The week before last, I felt a real urge to do something different and set about creating another blog “Quick and Healthy Recipes”.
Difficulties with WordPress ate my time on top of which I was still writing and also interviewing friends about some of the key points in my cancer fight. Tears over coffee in Costa put an end to one too-public exploration, but Skype in a dressing gown, with a cup of tea was ok for a few shared tissues, as well as a good laugh.
A theme coming at me from friends was my preserved sense of the ridiculous in the early months after my diagnosis. And whilst lately, I’ve been thinking that I had lost it, sometimes just noticing something is enough.
Just when I thought I’d re-discovered ‘balance’, I worked all hours – being a bit ‘absent’ in the evening and all of the first weekend of half term – not what it’s all about and then, never a patient person – I cut my own fringe to save time..
Mercifully, I followed this with an actual rest – a hotel break courtesy of Mum. It helped me switch from busy-busy-bean-balti-blog to standing back and re-assessing ‘what’s it all about’ once again (why do I have to keep answering this question?!) Mum and I talked in depth over a (single) gin and tonic and exhausted ourselves the next day around Meadowhall (big indoor shopping centre for those not on this sceptred isle) And I came home deciding not to start frantically blogging or writing, but to enjoy the rest of the half-term break – by being ‘present’ – even though Max would most likely spend 80% of his time on Skype with other geeky creatures some way-a-way.
Simon and I put ourselves through a sitting of Robocop just to spend family time together but not being too busy with my own stuff, meant I was also serenaded with song and trumpet as Max prepared for the school round of Young Musician of the year next weekend. We went to the University of Leeds campus where he interviewed students about healthy eating habits (the thought is there even if the vegetables sometimes miss the plate). He was also preparing for a public speaking competition and I was in near heaven when he announced his topic was to explore his decision making vis-a-vis the bike incident and wanted to know what I could tell him about the teenage brain. (see 2 posts back – Luck of the Draw)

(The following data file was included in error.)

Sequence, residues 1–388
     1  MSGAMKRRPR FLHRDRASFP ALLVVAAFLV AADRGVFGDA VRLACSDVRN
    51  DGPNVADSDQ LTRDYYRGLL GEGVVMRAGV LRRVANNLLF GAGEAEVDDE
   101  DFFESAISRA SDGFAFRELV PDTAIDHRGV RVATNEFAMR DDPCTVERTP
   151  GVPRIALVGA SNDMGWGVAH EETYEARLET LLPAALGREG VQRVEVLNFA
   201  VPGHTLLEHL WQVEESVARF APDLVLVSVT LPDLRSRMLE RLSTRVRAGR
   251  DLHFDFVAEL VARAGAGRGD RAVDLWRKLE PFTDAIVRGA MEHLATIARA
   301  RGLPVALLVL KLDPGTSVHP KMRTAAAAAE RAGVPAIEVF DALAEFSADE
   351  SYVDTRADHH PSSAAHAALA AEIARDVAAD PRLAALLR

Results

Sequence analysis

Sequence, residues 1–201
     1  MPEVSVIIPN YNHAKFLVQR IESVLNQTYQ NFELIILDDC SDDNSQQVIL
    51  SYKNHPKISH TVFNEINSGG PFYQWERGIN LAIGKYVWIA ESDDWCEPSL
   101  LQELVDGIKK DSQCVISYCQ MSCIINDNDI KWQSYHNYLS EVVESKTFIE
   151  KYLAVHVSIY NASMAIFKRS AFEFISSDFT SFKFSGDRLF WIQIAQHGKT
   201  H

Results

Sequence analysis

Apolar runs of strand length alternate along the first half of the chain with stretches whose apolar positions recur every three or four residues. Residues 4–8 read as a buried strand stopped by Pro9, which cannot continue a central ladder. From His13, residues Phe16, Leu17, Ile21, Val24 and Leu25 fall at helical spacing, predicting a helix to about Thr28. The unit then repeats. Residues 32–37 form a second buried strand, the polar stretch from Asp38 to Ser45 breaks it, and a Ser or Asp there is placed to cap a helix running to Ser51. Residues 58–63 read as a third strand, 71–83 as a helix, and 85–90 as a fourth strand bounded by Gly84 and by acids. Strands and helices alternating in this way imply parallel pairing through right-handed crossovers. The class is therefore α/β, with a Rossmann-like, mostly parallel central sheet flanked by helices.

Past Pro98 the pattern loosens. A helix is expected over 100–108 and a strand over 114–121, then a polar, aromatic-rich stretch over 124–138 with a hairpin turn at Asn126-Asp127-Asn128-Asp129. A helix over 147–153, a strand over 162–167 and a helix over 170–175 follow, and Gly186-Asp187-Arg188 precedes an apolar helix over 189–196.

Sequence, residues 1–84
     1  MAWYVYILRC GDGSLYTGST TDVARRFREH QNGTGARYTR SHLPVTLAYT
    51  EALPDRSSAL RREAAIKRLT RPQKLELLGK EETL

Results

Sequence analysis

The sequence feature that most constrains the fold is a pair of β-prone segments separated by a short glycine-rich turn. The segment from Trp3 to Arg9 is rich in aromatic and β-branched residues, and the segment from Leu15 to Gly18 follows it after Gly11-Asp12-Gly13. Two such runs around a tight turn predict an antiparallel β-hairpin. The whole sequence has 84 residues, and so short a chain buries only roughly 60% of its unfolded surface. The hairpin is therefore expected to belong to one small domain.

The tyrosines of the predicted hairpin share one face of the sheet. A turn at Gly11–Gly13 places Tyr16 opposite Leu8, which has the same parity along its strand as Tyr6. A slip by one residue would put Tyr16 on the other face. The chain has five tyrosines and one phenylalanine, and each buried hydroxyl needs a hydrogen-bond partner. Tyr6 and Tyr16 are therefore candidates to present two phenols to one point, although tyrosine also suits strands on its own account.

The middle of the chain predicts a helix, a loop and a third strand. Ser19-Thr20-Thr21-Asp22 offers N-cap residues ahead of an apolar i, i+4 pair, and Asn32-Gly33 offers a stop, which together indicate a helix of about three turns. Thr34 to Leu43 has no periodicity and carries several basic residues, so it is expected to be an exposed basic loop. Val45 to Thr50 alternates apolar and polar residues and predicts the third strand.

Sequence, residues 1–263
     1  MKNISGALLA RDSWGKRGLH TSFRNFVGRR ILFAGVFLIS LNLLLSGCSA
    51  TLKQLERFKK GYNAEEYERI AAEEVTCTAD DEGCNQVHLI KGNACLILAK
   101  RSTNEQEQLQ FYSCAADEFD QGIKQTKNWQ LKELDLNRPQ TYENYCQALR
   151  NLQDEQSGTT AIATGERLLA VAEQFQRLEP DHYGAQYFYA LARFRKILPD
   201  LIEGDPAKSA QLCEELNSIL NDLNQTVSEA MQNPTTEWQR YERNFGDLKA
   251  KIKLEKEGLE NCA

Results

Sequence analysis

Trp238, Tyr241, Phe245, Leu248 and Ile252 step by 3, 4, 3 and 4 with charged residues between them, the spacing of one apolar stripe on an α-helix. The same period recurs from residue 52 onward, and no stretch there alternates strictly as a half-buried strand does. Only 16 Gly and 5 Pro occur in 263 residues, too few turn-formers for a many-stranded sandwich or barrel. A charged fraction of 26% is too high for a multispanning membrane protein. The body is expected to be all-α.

(For those interested, Sarah-Jayne Blakemore sums it all up in plain English in a 14 fabulous minutes – click here-> Sarah-Jayne Blakemore: The mysterious workings of the adolescent brain | Talk Video | TED.)
Over the week I noticed we had a proper laugh at some things – usually after a mild falling out about something – and usually at myself – trying broccoli soup for one, which if a 15 year old faddy eater determines is “Not bad” and declares “I’d eat it again” – must be ambrosia. Recipe coming soon on the other blog (when I take some photos for Katy.) You can sign up to follow my recipe blog separately-> http://quickandhealthyrecipes.wordpress.com
I realise the writing and subsequent exploration of what I’ve learnt from life, with and after cancer, is somehow putting some bits back in boxes and allowing a more relaxed version of myself to re-emerge. Max didn’t actually think I had a sense of humour when I am in fact, one of the funniest people alive..
In a winding way, that brings me back to the beginning and perhaps back to myself. When I was first diagnosed with cancer, I was still able to laugh at the ridiculous in everything. One of my Skype chats before half-term was with Sara who, not knowing what she would encounter walking into my chemo-suite, found me somehow managing to laugh enough to ease the moment. If you didn’t know me then – yes – I was fat, someone else had cut my fringe and that nighty says “Bad Hair Day” on it.